interview by Heather Shayne Blakeslee
In “Paradise Lost,” John Milton’s epic poem about the fall of man, he envisions the mythical city of Pandæmonium as the capital of hell, a mansion built on a lake of fire by the demon Mulciber.
For Philadelphia choreographer and dancer Nichole Canuso, co-performer Geoff Sobelle and director Lars Jan, it’s the place they’ve chosen to explore for a multimedia dance performance of the same name.
In order to ground what the producers have a called a “cinematic dance-theater concert” in an actual place, they filmed scenes in the Mojave Desert, a sprawling entity in the Southwestern United States that has no respect for geo-political boundaries: Its blazing heat and dry landscapes stretch over California, Nevada, Utah and Arizona. They cite the “burnt-out telephone lines, empty swimming pools and unfinished suburban developments” in the area as a Pandæmonium of our own making.
Canuso gave Grid some insight as to why the piece is so relevant to our current environmental and political crises.
What in particular about the desert landscape drew you to the idea of two people being together, but also separate?
NC: In addition to thinking about two people being simultaneously together and apart, we’re also curious about the ways one can feel very far from certain aspects of their own self. For instance, the experience or sensation conjured in an open landscape—like the desert—can be difficult to access or interact with when you return to life in a crowded environment.
Using technology, in this case video that merges the performances of two separate dancers into an onscreen duet, is an interesting choice considering that all of our screens and devices usually serve to alienate us from one another—albeit under the auspices of connecting us.
NC: The audience sees two performers together on the screen but separate in the real space. The screen connection has visual beauty but lacks the energy, volume, density and sweat of the live bodies. The ability to watch both of those very different versions of the interaction makes palpable the loss inherent in the digital duet. It shines a light on what is missing in that screen, and speaks more to divisions than connections.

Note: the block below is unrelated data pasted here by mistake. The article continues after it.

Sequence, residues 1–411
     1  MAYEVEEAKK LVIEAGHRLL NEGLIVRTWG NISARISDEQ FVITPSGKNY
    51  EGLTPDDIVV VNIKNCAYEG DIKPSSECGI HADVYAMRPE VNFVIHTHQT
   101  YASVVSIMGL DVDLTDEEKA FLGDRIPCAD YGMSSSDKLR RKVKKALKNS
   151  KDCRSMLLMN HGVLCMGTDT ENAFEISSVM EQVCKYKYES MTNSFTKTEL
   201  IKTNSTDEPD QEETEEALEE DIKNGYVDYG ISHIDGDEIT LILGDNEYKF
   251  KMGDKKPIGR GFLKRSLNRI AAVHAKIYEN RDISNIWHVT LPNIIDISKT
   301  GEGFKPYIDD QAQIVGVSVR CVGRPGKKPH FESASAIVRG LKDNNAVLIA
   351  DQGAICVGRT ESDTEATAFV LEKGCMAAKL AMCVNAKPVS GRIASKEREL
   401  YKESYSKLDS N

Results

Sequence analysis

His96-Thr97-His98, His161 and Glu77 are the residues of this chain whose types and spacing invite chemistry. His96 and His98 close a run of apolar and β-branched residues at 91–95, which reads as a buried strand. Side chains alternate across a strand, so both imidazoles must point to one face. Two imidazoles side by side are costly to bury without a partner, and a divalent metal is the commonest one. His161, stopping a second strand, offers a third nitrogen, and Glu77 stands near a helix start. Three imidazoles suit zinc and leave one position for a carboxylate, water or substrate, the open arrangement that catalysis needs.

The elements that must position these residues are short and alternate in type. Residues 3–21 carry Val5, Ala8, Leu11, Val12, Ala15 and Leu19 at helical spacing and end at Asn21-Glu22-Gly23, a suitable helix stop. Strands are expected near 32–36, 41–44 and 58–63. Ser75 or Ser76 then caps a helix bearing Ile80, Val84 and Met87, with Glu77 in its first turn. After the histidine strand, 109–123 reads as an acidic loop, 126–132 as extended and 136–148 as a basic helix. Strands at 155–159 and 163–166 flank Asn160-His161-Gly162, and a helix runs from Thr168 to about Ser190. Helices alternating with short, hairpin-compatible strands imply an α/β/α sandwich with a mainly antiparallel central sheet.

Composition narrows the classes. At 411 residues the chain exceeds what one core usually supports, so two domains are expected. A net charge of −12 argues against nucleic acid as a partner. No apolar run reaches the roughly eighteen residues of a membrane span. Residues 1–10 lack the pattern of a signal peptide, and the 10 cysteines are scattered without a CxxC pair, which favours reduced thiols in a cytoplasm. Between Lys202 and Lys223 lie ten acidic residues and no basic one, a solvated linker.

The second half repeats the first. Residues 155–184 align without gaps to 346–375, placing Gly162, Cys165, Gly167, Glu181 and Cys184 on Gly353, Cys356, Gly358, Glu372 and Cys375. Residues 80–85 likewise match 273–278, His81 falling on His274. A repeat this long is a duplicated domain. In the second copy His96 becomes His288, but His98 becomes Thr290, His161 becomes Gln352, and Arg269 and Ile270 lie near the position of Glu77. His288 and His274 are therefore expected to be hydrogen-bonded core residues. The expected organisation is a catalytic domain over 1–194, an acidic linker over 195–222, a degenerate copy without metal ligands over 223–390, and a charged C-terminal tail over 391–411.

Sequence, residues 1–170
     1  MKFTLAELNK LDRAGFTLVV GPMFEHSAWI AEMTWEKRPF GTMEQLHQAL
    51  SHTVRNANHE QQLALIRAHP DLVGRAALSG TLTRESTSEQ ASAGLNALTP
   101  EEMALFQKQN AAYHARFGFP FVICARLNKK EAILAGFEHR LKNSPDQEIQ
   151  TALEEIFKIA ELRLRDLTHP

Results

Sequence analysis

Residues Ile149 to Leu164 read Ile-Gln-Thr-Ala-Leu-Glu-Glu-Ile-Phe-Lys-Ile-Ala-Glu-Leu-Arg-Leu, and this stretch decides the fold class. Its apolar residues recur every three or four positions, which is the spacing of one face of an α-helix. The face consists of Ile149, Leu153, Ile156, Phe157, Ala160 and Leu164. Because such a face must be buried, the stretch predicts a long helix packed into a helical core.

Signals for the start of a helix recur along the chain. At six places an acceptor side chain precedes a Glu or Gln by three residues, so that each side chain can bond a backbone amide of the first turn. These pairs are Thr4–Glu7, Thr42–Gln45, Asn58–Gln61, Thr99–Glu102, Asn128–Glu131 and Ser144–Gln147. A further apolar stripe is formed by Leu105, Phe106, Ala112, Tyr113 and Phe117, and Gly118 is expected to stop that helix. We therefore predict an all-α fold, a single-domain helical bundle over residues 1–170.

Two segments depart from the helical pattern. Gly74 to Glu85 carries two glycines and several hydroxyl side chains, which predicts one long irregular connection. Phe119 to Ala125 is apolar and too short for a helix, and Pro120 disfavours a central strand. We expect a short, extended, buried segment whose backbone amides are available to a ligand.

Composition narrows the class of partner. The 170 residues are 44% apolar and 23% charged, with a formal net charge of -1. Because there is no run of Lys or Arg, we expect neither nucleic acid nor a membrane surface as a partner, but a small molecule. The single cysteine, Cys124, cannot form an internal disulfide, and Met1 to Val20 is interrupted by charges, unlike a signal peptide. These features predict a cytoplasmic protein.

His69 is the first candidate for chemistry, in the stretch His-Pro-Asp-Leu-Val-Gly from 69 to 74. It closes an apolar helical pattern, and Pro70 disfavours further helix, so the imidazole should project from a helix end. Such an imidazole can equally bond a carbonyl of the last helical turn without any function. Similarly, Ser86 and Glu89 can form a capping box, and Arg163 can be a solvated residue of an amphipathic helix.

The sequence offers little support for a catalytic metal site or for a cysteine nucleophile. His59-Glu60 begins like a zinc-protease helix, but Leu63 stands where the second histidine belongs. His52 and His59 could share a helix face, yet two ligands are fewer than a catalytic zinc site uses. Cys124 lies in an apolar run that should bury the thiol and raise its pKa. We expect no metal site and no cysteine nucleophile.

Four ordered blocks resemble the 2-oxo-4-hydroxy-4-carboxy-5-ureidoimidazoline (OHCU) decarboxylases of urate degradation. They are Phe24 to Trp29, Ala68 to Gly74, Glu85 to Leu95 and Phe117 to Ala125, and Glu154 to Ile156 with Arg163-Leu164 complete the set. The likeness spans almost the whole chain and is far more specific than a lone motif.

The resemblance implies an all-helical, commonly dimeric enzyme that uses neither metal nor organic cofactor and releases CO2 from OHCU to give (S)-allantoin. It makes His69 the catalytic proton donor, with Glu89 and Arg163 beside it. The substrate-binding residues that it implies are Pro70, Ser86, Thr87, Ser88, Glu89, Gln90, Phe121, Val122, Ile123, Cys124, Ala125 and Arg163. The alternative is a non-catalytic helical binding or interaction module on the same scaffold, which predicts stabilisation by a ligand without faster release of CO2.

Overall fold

What was it like filming in the desert this past July?
NC: It was fantastic and definitely an essential aspect of the development process. We took two trips. One last year in which Geoff (Sobelle), Lars (Jan) and I camped in the Mojave. This recent trip was more elaborate and involved the whole team: We built a version of our drive-in movie screen (the set for the stage production) out in the middle of the desert. Filming in the desert reoriented the show in a great way, and we are currently rebuilding the work in response to that material.
You said in your interview with the Fringe Festival that Pandæmonium is the moment “you wake up on the other side of a rupture that you cannot repair, a break from reality that you cannot return to: for an individual, a nation or an ecosystem.” When it comes to the rupture of nations, has the unreality or alienating character of this year's presidential election or other geopolitical events entered your mind at all as you’ve worked on the piece?
NC: Yes, those ruptures and divides are present in our minds and permeate our thinking. Especially the fear-based rhetoric that fuels so much of the conversation.
How does it relate, in your mind, to our current environmental crises?
NC: As a whole we are certainly causing irreversible damage to our environment.There are so many ways that we can flirt with the edge of extreme danger, refusing to acknowledge the potential drop on the other side. It’s like partying right up to the edge of a cliff, with a blindfold on.
Nichole Canuso Dance Company
Sept 14-17 • 8 p.m.
Sept 18 • 3 p.m.
140 N. Columbus Blvd.
Philadelphia, Pa., 19106